The Russian Ministry of Defense (MoD) has signed a contract with Russia’s main tank manufacturer Uralvagonzavod (UVZ) for the production of 132 third-generation T-14 Armata main battle tanks (MBT) and T-15 heavy infantry fighting vehicles (IFV) on August 22, according to Russian Deputy Defense Minister Alexei Krivoruchko.
“Today, a contract has been signed for 132 T-14 and T-15 vehicles,” Krivoruchko was quoted as saying by TASS news agency on August 22. “We will get the first nine this year.” The T-14 MBT and T-15 IFV are both based on the “Armata” universal chassis system, which also serves as a platform for as many as 13 different tracked vehicles, including a self-propelled artillery howitzer and an armored military engineering vehicle.
The Russian MoD revealed earlier this year that it plans to induct two battalions of T-14 and T-15 each. A Russian tank battalion consists of around 40 main battle tanks, excluding support vehicles, while a motorized rifle battalion can include up to 35 infantry fighting vehicles. Notably, Krivoruchko did not reveal the exact composition of the order placed with UVZ, although the number of armored platforms ordered indicates that a third tank or motorized rifle battalion will be stood up in the near future.
The Russian Ground Forces are expected to receive a total of 100 T-14 MBTs by 2020, although Deputy Prime Minister Yuri Borisov noted earlier this month that Russia will not mass-produce the T-14 and instead retrofit legacy armor systems including the T-72 and T-90. “In 2019, the Russian Army will get the first batch of heavily modernized T-90M tanks in the amount of several dozen vehicles,” a Russian defense industry source told TASS news agency on August 23. As I explained at the time:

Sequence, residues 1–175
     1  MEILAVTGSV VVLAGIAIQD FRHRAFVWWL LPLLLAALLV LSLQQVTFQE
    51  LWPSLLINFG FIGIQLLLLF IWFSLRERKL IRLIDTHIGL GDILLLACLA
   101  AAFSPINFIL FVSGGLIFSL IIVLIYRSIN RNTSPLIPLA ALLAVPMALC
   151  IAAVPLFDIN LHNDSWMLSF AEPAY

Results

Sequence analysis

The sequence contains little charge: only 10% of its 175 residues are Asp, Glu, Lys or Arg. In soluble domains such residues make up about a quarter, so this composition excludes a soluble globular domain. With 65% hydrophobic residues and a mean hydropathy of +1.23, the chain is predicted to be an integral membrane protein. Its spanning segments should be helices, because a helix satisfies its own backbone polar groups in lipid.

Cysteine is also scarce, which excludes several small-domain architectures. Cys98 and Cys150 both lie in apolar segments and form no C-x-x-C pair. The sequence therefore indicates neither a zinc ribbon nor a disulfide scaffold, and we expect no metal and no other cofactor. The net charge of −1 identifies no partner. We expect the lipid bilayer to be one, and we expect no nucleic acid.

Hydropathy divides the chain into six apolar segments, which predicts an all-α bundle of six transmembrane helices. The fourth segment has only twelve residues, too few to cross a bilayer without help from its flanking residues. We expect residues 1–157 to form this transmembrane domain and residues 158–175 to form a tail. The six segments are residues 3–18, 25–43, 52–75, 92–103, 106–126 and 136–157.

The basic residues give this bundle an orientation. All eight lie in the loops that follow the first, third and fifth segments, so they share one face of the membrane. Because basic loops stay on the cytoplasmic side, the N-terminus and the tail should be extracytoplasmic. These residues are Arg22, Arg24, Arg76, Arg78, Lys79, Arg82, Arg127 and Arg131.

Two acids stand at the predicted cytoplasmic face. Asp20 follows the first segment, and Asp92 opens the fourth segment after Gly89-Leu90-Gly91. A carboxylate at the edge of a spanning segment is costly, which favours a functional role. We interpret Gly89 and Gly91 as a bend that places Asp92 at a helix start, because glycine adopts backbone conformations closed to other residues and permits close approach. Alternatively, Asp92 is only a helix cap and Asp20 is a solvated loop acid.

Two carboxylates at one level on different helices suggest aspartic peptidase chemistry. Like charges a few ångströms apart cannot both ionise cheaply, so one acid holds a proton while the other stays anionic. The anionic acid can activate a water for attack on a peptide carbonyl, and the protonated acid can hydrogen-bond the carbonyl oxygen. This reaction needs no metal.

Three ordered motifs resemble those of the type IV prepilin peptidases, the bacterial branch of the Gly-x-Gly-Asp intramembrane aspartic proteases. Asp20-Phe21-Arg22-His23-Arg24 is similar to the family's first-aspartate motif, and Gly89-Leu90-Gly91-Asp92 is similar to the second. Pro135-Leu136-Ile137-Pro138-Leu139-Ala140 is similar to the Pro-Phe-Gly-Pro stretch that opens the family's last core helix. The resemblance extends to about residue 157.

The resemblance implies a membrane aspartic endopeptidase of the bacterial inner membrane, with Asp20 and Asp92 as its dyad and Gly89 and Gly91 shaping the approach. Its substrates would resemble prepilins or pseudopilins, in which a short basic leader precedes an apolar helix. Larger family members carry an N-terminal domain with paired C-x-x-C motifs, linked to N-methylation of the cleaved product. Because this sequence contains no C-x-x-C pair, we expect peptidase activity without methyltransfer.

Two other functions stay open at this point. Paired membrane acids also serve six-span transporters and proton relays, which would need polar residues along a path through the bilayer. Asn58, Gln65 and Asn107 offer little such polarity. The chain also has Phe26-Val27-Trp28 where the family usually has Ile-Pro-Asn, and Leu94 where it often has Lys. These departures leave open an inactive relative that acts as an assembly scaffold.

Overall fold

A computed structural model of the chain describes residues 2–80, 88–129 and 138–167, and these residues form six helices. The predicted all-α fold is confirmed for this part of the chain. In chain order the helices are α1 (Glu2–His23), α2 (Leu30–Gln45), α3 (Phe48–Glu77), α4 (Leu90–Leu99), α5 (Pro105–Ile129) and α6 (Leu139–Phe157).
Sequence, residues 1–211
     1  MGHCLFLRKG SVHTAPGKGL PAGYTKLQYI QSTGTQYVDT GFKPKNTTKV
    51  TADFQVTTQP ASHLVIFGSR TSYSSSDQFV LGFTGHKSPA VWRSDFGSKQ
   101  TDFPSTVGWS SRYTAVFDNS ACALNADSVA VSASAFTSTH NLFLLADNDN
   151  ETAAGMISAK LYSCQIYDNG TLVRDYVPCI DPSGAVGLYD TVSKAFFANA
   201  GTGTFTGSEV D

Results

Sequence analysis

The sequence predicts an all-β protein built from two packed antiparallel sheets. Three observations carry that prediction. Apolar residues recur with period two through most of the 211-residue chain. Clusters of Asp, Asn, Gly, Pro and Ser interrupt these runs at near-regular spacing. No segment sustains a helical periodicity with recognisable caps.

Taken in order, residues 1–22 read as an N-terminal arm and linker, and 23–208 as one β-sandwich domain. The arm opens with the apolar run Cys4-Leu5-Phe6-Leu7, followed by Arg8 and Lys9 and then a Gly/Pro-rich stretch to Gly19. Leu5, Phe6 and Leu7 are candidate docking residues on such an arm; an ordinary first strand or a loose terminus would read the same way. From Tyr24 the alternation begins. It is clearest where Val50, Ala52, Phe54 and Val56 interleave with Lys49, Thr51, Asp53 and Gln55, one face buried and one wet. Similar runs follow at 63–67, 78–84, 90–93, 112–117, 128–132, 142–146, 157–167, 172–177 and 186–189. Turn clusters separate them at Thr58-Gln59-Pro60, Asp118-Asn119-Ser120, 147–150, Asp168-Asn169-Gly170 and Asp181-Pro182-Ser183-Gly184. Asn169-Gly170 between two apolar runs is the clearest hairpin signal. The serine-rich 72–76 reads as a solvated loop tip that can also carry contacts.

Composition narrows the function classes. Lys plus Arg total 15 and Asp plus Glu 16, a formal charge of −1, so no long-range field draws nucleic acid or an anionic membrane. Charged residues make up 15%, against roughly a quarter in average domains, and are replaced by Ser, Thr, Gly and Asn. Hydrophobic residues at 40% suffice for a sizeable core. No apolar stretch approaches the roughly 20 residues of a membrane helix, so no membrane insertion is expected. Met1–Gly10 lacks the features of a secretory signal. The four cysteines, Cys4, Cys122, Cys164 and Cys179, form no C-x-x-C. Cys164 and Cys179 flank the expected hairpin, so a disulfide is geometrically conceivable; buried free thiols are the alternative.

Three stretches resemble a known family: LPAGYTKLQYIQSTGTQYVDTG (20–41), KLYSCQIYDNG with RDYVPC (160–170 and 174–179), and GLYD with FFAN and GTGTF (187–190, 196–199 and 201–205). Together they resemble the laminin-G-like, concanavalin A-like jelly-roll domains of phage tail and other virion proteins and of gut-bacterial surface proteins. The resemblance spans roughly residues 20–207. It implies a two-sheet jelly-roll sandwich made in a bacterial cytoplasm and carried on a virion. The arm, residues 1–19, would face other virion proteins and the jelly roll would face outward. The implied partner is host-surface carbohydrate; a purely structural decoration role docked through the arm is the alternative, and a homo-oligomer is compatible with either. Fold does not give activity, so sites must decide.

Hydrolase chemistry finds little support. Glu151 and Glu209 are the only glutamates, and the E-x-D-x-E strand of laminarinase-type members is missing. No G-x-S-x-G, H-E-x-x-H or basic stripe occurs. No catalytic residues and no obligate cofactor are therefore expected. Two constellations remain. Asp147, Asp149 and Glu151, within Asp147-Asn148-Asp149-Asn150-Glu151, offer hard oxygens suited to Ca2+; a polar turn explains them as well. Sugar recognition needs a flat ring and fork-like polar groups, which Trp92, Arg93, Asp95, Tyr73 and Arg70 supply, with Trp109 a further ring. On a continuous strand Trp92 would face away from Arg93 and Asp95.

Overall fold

It has been obvious for some time (…) that the Russian Ministry of Defense (MoD) has abandoned plans to mass-produce 2,300 T-14s by 2025, as was originally outlined in the 2018-2027 State Armaments Program. For example, already in October 2017 the MoD announced that it will upgrade T-80 and T-90 series MBTs and revise plans to melt down 10,000 armored vehicles by 2020 and keep 6,000 in reserve.
Also in January 2017, the MoD announced that it will upgrade its T-72 MBT force. “The Russian Ministry of Defense’s decision to upgrade older T-72 and T-90 models could be interpreted as a sign that despite earlier announcements, the T-14 will not replace the Soviet-era tanks as the mainstay of Russia’s tank force in the near future and that the Russian Ground Forces will continue to operate various MBT variants at least for the next decade,” I speculated at the time.
The Russian military is presently operating 16-20 T-14s prototypes for evaluation and testing. (Final operational evaluation of the T-14 is scheduled for next year.) The first T-14 MBT will purportedly be deployed with the 1st Guards Tank Regiment of 2nd Guards Tamanskaya Motor Rifle Division, garrisoned in Moscow and part of Russia’s Western Military District. According to sources, the Russian Ground Forces also operate around 20 T-15 prototypes.